I stood and looked at the blue and gray mountains in the distance.  I turned a full circle.  In nearly all directions, there were mountains.  Before I left the car, I had seen that I was on the edge of the Barry Goldwater Air Force Range.  The town we had just passed was Gila Bend.  The last sign I saw was Dateland.  (It sounded like the name of a 1962 Roller Rink).  But, here I was alone.

Truly alone.  I thought about whether or not I could live in an RV out here.  Bottled water.  An outdoor privy.  The constant awareness of snakes (I don’t do snakes, if I haven’t mentioned that before).

Mariam was back in a cool diner, sipping coffee and checking her email.  Oddly, the WiFi signal was strong out here…out here in The Big Empty.  (It must be because of all the military installations in this part of the country.  Why else erect towers to serve the twenty-seven people who made their homes out here?

I closed my eyes and tried to feel the emptiness of this Great Void.  I heard the distant trucks on the highway.  But, filtering that out, there was…nothing.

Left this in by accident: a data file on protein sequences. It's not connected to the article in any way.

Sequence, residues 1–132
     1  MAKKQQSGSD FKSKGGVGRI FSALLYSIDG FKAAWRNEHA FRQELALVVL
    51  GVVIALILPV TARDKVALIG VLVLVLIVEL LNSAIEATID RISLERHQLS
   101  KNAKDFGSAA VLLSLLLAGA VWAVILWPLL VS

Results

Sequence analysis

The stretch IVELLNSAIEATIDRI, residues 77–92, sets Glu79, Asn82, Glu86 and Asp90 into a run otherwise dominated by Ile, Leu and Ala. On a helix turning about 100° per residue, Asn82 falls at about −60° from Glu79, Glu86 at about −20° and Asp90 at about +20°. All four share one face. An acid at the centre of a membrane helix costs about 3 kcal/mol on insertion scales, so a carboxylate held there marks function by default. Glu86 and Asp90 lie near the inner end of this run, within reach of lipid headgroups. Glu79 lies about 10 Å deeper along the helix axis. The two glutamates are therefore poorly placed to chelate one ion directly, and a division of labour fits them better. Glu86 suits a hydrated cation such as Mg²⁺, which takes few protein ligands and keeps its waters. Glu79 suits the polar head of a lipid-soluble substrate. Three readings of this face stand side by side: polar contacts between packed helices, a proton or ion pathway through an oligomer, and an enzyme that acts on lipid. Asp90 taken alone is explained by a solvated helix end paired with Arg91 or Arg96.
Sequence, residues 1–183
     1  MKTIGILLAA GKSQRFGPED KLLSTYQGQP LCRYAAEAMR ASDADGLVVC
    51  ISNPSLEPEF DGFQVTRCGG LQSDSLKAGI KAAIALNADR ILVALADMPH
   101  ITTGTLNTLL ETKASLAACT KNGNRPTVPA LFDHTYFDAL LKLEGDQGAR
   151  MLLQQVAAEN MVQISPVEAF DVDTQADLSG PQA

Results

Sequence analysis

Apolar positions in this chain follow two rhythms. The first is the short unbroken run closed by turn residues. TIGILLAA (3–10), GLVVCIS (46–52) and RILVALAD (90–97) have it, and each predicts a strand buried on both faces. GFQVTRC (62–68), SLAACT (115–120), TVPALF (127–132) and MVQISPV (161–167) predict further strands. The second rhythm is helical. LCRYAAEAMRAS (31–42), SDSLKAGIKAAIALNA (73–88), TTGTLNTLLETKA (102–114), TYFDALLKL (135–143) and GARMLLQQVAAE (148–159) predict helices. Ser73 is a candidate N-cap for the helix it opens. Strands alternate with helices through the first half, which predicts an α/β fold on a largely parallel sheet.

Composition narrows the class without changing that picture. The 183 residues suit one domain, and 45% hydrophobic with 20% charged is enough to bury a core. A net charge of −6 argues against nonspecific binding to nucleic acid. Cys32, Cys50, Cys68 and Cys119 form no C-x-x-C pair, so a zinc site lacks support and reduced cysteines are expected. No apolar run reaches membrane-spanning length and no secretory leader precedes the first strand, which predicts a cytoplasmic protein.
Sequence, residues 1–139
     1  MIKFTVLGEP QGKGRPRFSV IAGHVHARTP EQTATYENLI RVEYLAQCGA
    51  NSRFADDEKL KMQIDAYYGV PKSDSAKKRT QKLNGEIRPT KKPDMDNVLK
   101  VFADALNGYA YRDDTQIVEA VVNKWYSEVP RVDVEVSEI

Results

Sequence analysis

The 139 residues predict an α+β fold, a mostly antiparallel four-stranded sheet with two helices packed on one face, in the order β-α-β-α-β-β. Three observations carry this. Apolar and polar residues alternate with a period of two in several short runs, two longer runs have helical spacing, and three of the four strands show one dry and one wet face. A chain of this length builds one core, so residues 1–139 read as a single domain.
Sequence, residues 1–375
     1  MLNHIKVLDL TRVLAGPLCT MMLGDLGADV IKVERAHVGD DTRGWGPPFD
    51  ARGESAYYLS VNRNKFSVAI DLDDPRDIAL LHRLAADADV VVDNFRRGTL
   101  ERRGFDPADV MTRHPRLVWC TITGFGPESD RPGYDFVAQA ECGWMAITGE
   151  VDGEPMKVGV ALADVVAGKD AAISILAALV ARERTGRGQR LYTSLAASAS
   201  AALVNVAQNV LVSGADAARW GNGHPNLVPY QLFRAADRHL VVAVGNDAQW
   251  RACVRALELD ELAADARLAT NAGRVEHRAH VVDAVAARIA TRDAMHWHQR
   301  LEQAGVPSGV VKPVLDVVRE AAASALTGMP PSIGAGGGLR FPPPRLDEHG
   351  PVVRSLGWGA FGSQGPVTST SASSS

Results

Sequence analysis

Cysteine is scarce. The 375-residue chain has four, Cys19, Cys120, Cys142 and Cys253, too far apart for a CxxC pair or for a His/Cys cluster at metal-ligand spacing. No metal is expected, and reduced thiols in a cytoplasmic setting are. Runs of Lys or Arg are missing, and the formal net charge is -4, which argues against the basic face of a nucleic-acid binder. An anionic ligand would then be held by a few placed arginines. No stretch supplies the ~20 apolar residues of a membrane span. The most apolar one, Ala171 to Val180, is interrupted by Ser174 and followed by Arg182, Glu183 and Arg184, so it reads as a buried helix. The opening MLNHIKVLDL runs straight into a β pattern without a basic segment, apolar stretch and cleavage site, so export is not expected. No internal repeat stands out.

It was almost like being lost at sea.  A survivor sits in a life boat and floats, thinking they can be seen, visible and blatant, like a circus balloon, from a rescue plane flying 1,000 feet above the water.  But, in reality, they are a mere ripple, a white cap, a dark splotch in a vast expanse of blue.

I tried to imagine myself lost out here in The Big Empty…I tried to see myself from above.  High above, where the planes and helicopters flew, and I realized I would be mistaken for a dead cactus or a thick sage brush.  No, I was only visible to the Ancient Gods of the Desert, the spirits of the Hopi, the Comanche, the Apache…the Mother Goddess of the Earth.  I was nothing to any human…out there.  To paraphrase Dylan, I could die out there and be just another accident statistic.